Parts of Canberra recorded up to 30mm and 50mm of rain on Thursday, as the downpour pushed the territory into its wettest November on record.
The ACT has hit 147.8mm of rainfall for the month of November, breaking the previous record of 138.2mm set in 1995.
The recorded rainfall totals date back to 1939.
Bureau of Meteorology managing meteorologist for NSW/ACT Agata Imielska said Friday would be a "key day where we're going to see more rainfall".
"That November rainfall total is still likely to increase," she said.
The bureau is forecasting up to 45mm on Friday.
Flooding in Queanbeyan
BOM has warned of minor flooding along the Queanbeyan river, which is likely to reach the minor flood level of 4.40m at Queens Bridge at about 11am.
Minor flood is also likely to develop along the Molongolo River at Oaks Estate, which was expected to reach the minor flood level of 4.50m at 11am.
Queanbeyan council workers were on site at the bridge on Morriset Street to monitor the rising water.
A council worker said the flooding was caused by overflow from Googong Dam.
The bridge was closed to traffic but a worker would remain on each side to ensure no passage.
Jack Emanuel, one of the workers stationed at the bridge, was concerned about parents potentially bringing kids down to swim in the overflowing water.
He expected flood waters to at least cover the bridge on Friday.
Sue-Anne Mackinnon had come down to watch the rising water before work.
"I'm just worrying that it might rise up more," Ms Mackinnon, who has experienced worse floods in the area before.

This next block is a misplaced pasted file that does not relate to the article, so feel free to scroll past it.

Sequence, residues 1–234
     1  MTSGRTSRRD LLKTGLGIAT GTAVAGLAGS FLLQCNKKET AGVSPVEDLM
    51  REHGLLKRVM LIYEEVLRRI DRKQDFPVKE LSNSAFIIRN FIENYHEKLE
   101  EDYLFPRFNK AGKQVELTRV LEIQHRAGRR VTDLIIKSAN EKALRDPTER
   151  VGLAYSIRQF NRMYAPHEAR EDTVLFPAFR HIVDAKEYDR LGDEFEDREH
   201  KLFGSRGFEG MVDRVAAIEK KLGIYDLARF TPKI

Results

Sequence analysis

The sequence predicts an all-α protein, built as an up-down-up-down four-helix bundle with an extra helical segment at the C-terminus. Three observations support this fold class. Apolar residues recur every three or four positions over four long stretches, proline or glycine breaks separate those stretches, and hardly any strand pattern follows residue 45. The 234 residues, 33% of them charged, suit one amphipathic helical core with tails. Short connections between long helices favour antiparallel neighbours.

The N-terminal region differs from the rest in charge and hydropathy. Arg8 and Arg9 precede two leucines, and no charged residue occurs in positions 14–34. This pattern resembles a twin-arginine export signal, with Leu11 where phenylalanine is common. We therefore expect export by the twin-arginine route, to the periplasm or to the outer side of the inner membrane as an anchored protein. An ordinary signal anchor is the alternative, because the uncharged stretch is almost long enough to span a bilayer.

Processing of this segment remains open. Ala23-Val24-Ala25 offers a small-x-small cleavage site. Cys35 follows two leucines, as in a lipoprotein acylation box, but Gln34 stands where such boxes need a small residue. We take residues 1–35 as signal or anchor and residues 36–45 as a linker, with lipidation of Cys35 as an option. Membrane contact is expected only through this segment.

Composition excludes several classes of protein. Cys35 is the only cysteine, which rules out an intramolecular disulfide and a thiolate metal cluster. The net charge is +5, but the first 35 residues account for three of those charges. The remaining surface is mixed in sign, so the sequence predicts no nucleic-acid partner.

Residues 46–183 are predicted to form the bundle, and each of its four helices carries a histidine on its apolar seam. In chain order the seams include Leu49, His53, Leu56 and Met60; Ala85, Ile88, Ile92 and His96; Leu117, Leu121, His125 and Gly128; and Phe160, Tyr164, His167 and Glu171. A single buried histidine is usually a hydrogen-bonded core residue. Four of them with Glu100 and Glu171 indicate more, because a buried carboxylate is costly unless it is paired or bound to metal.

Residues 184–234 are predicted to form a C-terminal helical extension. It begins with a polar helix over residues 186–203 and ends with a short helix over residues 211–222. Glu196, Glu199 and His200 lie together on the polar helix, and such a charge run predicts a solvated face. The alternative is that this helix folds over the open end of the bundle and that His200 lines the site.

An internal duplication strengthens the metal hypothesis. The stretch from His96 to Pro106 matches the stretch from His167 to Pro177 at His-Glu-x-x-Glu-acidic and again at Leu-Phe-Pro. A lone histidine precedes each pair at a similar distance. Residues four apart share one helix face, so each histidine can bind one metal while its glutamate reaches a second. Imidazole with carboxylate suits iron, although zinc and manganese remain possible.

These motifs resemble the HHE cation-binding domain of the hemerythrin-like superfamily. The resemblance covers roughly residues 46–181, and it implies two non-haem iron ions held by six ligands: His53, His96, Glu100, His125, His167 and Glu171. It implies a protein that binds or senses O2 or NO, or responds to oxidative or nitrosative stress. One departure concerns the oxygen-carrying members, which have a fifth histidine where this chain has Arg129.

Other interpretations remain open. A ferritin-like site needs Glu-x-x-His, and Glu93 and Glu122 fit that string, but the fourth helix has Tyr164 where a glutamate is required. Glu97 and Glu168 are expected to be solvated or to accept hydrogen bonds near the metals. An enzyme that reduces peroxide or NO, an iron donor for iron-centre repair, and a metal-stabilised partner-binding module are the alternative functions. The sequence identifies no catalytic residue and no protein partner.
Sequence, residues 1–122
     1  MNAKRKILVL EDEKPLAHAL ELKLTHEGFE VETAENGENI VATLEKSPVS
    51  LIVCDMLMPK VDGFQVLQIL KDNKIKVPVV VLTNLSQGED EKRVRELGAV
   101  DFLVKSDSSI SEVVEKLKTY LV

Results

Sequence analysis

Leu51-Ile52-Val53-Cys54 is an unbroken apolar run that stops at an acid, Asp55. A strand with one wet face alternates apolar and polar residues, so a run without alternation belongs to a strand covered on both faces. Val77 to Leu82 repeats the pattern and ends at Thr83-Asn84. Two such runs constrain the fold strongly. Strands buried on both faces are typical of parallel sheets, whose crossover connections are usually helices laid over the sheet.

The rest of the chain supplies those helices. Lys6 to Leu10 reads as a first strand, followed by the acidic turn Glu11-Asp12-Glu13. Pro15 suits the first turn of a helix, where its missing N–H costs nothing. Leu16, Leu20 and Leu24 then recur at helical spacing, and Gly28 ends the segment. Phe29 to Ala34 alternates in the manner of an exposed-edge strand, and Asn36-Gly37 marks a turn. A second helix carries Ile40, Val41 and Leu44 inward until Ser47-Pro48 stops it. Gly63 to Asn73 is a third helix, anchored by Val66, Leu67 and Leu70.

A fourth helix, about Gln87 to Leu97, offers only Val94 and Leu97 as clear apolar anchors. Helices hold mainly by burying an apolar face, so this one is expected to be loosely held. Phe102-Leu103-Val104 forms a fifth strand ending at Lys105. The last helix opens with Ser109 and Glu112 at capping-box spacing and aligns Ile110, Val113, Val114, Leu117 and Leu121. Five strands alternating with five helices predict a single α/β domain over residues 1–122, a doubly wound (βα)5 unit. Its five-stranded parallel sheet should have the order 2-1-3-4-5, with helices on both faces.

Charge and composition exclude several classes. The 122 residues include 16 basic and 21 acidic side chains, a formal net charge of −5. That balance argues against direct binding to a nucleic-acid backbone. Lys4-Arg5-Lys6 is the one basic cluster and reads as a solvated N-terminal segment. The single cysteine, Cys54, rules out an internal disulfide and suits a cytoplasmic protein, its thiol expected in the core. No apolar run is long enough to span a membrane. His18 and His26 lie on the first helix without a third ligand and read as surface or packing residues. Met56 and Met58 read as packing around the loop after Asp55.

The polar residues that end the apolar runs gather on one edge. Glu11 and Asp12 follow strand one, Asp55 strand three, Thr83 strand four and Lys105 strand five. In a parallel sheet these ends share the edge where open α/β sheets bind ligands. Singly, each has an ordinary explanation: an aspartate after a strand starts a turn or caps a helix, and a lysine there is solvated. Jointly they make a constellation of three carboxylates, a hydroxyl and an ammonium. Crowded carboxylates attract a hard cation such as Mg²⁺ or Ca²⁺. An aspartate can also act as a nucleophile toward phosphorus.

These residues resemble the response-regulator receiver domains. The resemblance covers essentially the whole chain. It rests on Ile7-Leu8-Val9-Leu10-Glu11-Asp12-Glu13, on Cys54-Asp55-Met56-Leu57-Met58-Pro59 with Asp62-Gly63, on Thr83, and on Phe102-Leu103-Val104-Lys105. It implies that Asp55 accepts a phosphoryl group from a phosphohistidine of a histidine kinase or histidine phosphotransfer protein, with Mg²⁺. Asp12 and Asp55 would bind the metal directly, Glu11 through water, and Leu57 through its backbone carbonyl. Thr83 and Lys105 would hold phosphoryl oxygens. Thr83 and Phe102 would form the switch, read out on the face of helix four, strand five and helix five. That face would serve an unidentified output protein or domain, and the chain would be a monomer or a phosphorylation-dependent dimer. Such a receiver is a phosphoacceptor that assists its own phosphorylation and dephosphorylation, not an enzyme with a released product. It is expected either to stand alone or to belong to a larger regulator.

One bystander said she lived outside of Bungendore and had struggled to get over the creek to leave on Friday morning.
"I barely got over the creek that you have to get through to get out of there this morning, I came to get supplies."
"So when I turned right at the roundabout I went, 'Holy shit!'," she said of the bridge closure and rising water.
"I've lived in the region for 30 years but I've never actually been in the region when it was flooding like this.
"I just love the power of it you know, we live in our little civilised bubble with concrete and tar and combustion engines, we've got push-button heating in our homes, and it's always I think just a really good thing to see nature win."
Wet weather continues into the weekend
Showers will continue into the weekend but ease off.
Both days should bring "more of a chance of a shower as opposed to rain", with the current Saturday forecast projecting just a millimetre of rain.
"Even if we see something its likely to be relatively light," Ms Imielska said.
Rain will continue into next week as well, as the record margin is expected to widen.
"We do have that flood risk for this season," she said.
The ACT Emergency Services Agency said it had received more than 100 requests for assistance since 9am on Thursday.
Firefighters, SES and Transport Canberra City Services have been responding to reports of leaking roofs, fallen trees and localised flooding, caused by high soil moisture content leading to overloading of stormwater systems and overland flooding.
ESA reminded the community never to drive, walk, or ride through floodwaters.
Meanwhile, a low pressure system that brought heavy rains and damaging winds to southern and western NSW is expected to push further east.
Feeling soggy? That's November 2021 in #Canberra - #wettest on record with 148mm so far. This is the most rain recorded for any November going back to 1939, breaking the previous record of 138.2mm set in November 1995. pic.twitter.com/N73myays3i— Bureau of Meteorology Australian Capital Territory (@BOM_ACT) November 25, 2021
NSW has seen widespread flooding across the state after extensive heavy rain in areas where the ground is already saturated and rivers already high in many areas and flooding in others.
Australia is on track for its wettest spring in a decade and some regions in NSW have already received more than three times their normal rainfall for November.
A portable rain station south of Griffith measured 60mm in an hour on Thursday.
Snowball, south east of Canberra, recorded 28mm in an hour and Braidwood recorded 15mm in 30 minutes.
Gunnedah recorded more than 20mm in 90 minutes and a similar amount fell at Gunnedah over a two hour period.
Grafton recorded 20mm in three hours, Cabramurra saw 26mm fall over four hours.
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